The conditions that exist on this cold and high polar plateau make it well suited to certain research, especially in astrophysics, climatology, glaciology, seismology, and geospace sciences. The extremely cold and stable atmosphere above Antarctica is ideal for observing stars and galaxies of the early Universe with radio telescopes that look at different wavelengths outside of the visible spectrum. Other experiments are designed to test and confirm theories about particle physics, measure ozone depletion in the stratosphere, and monitor space weather that could disrupt satellites or affect power grids on Earth. In recent years, as the new elevation station was being built, two large science projects began.
IceCube Neutrino Observatory: www.icecube.wisc.edu
In December 2010, construction of the world’s largest neutrino observatory was completed at the South Pole, built on top of the ice sheet but deep within the ice using strings of sensors that encompass a cubic kilometer. IceCube records the rare collision of neutrinos, elusive subatomic particles, with the atomic nuclei of the water molecules in the ice. Trillions of neutrinos stream through the human body at any given moment, but they rarely interact with regular matter. Some neutrinos come from the Sun, while others originate from cosmic rays interacting with the Earth’s atmosphere. Scientists are extremely interested in true cosmogenic neutrinos that originate from astronomical sources such as exploding stars in the Milky Way and other distant galaxies. Analyzing data between 2010-2013 the team has observed the first astrophysical high-energy neutrino flux ever.
South Pole Telescope: www. pole.uchicago.edu/public/
In February 2007, the South Pole telescope became the largest radio-telescope every deployed in Antarctica. It stands 75 feet (22.8 meters) tall, has a 33-food (10-meter) diameter dish and weighs 280 tons. The telescope is designed to study the Cosmic Microwave Background (CMB), the faint afterglow of the Big Bang when the Universe burst into existence about 13.5 billion years ago. It provides astronomers a powerful new tool to explore Dark Energy, the mysterious phenomenon that may be causing the expansion of the Universe to accelerate.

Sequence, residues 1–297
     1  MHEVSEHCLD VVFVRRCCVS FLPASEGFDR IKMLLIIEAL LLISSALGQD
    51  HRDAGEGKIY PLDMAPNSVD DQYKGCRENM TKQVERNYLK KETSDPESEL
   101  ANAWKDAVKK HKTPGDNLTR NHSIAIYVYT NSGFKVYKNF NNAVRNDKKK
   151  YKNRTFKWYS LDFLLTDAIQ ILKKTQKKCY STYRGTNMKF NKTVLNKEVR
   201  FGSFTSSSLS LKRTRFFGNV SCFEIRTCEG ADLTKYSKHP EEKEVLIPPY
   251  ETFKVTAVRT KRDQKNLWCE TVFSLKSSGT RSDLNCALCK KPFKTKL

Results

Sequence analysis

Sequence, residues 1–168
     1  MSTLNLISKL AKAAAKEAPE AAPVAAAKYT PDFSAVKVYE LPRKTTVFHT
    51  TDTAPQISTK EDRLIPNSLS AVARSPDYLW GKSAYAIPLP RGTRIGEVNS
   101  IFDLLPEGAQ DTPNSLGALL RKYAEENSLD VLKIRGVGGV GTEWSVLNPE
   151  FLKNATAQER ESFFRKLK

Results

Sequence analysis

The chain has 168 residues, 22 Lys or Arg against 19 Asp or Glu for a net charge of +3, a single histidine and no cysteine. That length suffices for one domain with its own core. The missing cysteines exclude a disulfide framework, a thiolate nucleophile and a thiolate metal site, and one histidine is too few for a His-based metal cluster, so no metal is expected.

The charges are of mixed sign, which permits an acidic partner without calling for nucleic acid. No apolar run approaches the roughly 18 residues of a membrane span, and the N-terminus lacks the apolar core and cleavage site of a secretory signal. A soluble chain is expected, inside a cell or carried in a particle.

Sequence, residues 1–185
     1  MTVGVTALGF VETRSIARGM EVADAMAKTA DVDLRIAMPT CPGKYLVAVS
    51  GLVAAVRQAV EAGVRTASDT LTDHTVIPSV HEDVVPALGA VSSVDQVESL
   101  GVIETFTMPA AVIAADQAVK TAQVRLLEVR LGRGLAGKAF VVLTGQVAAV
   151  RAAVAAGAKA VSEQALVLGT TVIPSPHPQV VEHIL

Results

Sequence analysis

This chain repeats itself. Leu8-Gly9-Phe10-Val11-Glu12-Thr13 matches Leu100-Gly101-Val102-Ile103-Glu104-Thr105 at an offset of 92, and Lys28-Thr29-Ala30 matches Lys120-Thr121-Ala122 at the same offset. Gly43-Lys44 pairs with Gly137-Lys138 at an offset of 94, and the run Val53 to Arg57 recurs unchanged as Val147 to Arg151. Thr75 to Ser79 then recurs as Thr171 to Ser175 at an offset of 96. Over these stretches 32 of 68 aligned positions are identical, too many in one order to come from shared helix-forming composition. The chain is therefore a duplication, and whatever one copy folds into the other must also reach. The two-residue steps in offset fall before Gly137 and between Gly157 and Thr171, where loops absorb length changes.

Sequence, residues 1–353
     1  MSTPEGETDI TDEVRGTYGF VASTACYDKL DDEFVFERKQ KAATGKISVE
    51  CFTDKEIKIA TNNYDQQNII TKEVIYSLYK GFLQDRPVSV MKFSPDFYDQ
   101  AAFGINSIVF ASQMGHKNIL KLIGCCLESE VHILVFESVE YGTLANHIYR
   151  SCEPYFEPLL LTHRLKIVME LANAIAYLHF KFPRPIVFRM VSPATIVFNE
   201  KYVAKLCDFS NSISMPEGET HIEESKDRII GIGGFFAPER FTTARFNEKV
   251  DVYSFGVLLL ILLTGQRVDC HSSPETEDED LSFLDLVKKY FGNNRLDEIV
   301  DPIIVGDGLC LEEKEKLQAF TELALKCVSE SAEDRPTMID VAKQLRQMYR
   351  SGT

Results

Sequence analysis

There has been additional astrophysical research conducted at the Pole. Currently active there is also the Keck array and BICEP3 (Background Imaging of Cosmic Extragalactic Polarization) that are a series of cosmic microwave background experiments. They aim to measure the polarization of the cosmic microwave background.
The South Pole has some of the cleanest air on Earth. Monitoring the air can help scientists provide a baseline for understanding trends in more polluted areas. The record of atmospheric composition at the South Pole, which began in the 1950s during the IGY, provides some of the longest continuous measurements of atmospheric gases, including greenhouse gas carbon dioxide. The National Oceanic and Atmospheric Administration (NOAA) operates an observatory here in the Clean Air Sector to make these measurements, which include monitoring the annual depletion of ozone by manmade chemicals in the stratosphere above Antarctica. Proximity to the geomagnetic pole allows ground-based studies of the Earth’s magnetosphere, that interacts with the solar wind plasma in the near-Earth space, transferring its energy and momentum to the ionosphere and upper atmosphere. This research includes studies of the aurora australis, a natural light display in the sky caused by the collision of energetically charged particles in the upper atmosphere.
South Pole Ice (SPICE) core: www. spice.org
I have described aspects of the ice-core research in another post. In support of ice-core interpretation we will conduct our work partly in the Quiet Sector, but will stay away from the South Pole Remote Earth Science and Seismological Observatory (SPRESS), which is located 8 km grid SE of the station. Once we are more than 20 km from South Pole Station we will not interfere with any sector boundaries.